“It’s really about water management as a way to limit vector populations,” Williams said. “I talk all the time about forest management, but this vector can move into the habitat we create, even at high elevations. Say we go up to 3,000 feet or West Virginia goes up to 4,000 feet and we create habitat. If we’re leaving a lot of ruts, if we leave a mess behind us and those things fill with water, that mosquito will get there. It’s weird because we have so many bird species that need active forest management, and if you’re going to make young forest that means you’re bringing equipment on site. So we need to be careful about our housekeeping, and that’s what private landowners need to do, too.
“On my farm, we’ve got ruts. We’ve been experimenting with these mosquito dunks that you can get at a hardware store. You just toss a dunk in there and it will keep the mosquitos from breeding. The dunks contain a bacteria that kills mosquito larvae but doesn’t harm amphibians and other animals using the water. You need to re-treat it as directed, or the mosquitoes will get ahead of you again. But it’s a good way for a landowner to protect their family and maybe even wildlife on the farm.”
She was quick to note that not all water is bad – amphibians thrive in vernal pools and entire wildlife communities rely on wetlands. But shallow ruts and puddles that do not support amphibians and other predators quickly become a host for WNV vectors as the spring transitions into summer.
Working Across State Lines
Williams and the West Virginia Division of Natural Resources have been working together for a while, considering both states are almost identical in terms of topography and ecological structure.
“They’ve been very interested in what Pennsylvania has done,” she said. “I love sharing our data because the West Virginia DNR couldn’t do what we’ve done – most states don’t have access to the strong West Nile and grouse data that Pennsylvania has. You have to have [both] to put two and two together to make that connection. A lot of states don’t have that capacity. I feel honored that in Pennsylvania we can use our data to understand the issues and other states can learn from us.”
But just because West Virginia doesn’t have as much grouse and mosquito data as Pennsylvania does, that doesn’t mean the DNR can’t help find new avenues to battle West Nile.
“We now have every eastern state with ruffed grouse sampling grouse and looking for antibodies for West Nile Virus. West Virginia’s DNR requested our GIS details so they could begin working on their own G-PAST tool. We’re convening at a meeting of all the grouse states in the East to develop a grouse restoration plan that allows us to work more effectively state-to-state and identify what the information gaps are,” Williams said.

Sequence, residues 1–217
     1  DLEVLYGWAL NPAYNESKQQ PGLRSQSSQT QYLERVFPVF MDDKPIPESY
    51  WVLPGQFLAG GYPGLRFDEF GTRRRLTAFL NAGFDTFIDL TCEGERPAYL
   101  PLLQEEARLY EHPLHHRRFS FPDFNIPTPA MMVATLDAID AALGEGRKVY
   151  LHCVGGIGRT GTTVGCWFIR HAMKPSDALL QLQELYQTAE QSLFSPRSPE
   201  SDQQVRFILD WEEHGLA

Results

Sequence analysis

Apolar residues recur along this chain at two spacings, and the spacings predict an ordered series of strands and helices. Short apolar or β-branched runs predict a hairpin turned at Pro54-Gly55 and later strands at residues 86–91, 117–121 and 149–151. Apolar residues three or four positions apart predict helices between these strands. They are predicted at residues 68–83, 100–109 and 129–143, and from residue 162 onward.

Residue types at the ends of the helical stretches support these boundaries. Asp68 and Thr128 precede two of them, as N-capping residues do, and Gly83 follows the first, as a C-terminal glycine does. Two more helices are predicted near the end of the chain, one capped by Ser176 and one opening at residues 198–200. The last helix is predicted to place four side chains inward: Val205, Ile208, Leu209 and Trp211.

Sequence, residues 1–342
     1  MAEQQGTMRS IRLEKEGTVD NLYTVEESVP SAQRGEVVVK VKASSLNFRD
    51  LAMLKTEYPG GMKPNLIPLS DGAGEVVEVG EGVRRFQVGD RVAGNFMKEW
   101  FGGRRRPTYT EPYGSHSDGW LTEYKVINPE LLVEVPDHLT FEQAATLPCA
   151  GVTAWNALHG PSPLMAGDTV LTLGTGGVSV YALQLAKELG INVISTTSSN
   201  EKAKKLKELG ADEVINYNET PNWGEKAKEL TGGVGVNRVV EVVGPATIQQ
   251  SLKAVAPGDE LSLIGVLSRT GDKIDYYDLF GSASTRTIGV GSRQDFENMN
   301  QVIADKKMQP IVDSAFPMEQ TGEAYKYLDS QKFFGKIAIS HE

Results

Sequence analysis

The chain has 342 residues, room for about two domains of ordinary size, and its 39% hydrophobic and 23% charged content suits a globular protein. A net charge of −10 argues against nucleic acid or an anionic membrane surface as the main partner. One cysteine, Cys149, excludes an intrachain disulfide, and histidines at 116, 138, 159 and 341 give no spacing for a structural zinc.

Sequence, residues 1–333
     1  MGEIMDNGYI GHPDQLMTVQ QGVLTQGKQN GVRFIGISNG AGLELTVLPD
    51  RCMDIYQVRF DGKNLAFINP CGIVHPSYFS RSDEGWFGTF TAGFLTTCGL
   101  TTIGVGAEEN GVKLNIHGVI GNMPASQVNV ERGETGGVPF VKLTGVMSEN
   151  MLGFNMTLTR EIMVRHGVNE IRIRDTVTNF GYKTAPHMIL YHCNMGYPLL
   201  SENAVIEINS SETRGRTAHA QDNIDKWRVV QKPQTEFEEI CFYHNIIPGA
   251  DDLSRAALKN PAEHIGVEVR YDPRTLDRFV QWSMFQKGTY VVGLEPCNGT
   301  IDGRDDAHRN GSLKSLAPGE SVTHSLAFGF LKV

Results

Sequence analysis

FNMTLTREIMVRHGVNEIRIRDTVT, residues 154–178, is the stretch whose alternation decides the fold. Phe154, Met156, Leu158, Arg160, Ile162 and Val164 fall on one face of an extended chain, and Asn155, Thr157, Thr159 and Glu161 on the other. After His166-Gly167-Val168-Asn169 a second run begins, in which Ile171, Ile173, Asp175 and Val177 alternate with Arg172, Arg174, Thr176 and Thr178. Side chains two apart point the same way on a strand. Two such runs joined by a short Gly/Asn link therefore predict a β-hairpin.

Williams notes that building a strong grouse hunter cooperator program is key to agencies tightening information gaps relating to population monitoring, and the WVDNR is aware of that. How else can it know if conservation efforts are working? The best cooperators are grouse hunters because they spend hours in grouse habitat and many of them have dogs to help search. But if there is a lack of grouse hunters – which there is in some states – agencies have to look for other sources of information. In addition to their Cooperator Survey, West Virginia DNR has a long-running summer brood survey that provides data each year.
“It sounds geeky to talk about data as a step in recovery, but if you don’t have feedback you don’t know if you’re going in the right direction,” Williams said. “I think many agencies are ratcheting up the attention on grouse and that’s important within an agency because that trickles out to the public. You can mobilize a lot of people that way.”
Another step Williams notes is that state agencies need to have a collaborative relationship with National Forests to address any public concerns about timbering. Simply, wildlife agencies need to help make the public aware that multiple species of birds that require young forest are in danger of disappearing.
“This isn’t just a grouse problem, this is a huge problem,” Williams said. “I think there are 30 different species in the Pennsylvania wildlife action plan, probably the West Virginia action plan, too, that are tied to young forest and are declining. That’s the message we have to get out: We’re logical partners with bird watchers and people who care about wood turtles; with native plant enthusiasts and people who want to catch a glimpse of a snowshoe hare. It’s a whole community in trouble, and when you layer West Nile [on top of that] it’s even more critical to jump in and do something. As biologists, we can provide that kind of information to the foresters in the National Forest to speak to these people. Foresters can then focus on the professional forestry and biologists can focus on why that forestry is so important, and get that information out to the public. We can use grouse as the poster child because people know them and love them, but really we’re talking about an entire community. There are so many different species that rely on that habitat. I dare you, defy you, to go out and create an area of young forest and only benefit one species. It just doesn’t work that way.
“The time to get involved in fixing a species is when you still have a lot of them. If you wait until something is listed as a threatened or endangered species, you’re already in the emergency room. You want to do preventative healthcare [rather] than emergency room healthcare.”
To read more
This story is Part 4 in the ongoing series ‘Ghost Drummers’ concerning the disappearance of ruffed grouse in West Virginia. Each story in the series can be found at the links above and the full series will be released as one long-form story once finished. Andrew can be reached on Twitter @ASPellman_DPost